A preschool learner using Souns builds an isiXhosa word – isele – by listening to sounds in the word.
This is Part III of our Souns training trip to South Africa. “It’s ok if others take our ideas as long as they build upon them.” Simon Sinek
During my recent trip to South Africa, I visited an organization I have worked with for many years, implementing the Souns program. While in their office I saw a letter m similar in font and size to the authorized Souns letter, but different in material, texture, and color.
What was happening? As I asked for understanding and details, each person passed me off to the next. Eventually I was told the organization intended to create their own program, based on but independent of the Souns program.
What I felt? I was enraged by not being informed of such plans. I was concerned because the quality of any imitation will directly impact the reputation of Souns and safety of children. I was challenged because I must accept that imitation is likely if the program is working.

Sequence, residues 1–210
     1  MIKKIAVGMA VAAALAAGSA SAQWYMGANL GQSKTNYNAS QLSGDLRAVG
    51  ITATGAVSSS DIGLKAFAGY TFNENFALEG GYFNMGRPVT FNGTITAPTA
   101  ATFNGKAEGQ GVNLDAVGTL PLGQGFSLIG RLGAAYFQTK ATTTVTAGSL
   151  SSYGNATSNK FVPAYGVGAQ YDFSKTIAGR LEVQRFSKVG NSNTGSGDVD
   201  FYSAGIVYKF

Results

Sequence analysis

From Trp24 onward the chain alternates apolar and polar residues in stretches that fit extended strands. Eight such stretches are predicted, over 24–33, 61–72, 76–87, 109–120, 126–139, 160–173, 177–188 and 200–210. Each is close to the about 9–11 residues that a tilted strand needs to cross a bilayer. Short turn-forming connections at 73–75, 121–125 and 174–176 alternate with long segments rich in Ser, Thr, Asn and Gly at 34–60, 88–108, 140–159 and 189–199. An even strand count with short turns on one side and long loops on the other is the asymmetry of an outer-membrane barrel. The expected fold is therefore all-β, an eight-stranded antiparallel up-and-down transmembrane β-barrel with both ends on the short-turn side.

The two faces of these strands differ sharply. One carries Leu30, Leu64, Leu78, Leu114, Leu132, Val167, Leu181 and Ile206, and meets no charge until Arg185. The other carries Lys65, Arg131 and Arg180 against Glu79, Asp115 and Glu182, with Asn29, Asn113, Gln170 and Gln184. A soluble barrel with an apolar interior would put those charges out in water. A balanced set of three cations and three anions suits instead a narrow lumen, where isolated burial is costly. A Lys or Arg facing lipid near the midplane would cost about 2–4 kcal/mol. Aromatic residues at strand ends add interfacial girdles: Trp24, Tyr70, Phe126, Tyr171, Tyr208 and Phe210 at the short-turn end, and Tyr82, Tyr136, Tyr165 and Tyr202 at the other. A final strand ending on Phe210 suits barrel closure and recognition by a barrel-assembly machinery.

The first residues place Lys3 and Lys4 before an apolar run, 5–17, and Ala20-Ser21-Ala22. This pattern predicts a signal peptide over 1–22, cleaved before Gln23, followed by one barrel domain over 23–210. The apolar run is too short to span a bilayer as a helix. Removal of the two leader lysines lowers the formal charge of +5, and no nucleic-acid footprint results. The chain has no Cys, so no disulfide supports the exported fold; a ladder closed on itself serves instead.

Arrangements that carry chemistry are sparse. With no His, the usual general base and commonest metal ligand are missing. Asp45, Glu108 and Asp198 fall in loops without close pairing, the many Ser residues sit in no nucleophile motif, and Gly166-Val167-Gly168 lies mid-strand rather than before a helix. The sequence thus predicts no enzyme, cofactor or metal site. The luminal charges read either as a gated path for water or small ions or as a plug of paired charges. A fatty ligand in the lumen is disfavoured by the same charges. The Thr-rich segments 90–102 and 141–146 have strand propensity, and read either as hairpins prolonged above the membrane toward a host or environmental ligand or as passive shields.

What matters? Good practice and quality of materials are paramount. Any materials used for the letters must be tested to confirm they are safe for hands and mouths of infants and toddlers. Good practice with Souns is described in the SounsGuide.
What now? Take the infraction, the disappointment, and grow. Expand this opportunity to ensure children will read. Let those aligned with the Souns program demonstrate transparency of intentions, so that all can learn from collective experiences and work together. “He who lights his taper at mine, receives light without darkening me.” Thomas Jefferson
What next? I will design a platform from which Souns-like programs can be identified and acknowledged. The responsibility will be transparency, good practice, and safety in materials. I must take this experience and build forward, guided by my own words: until every child reads!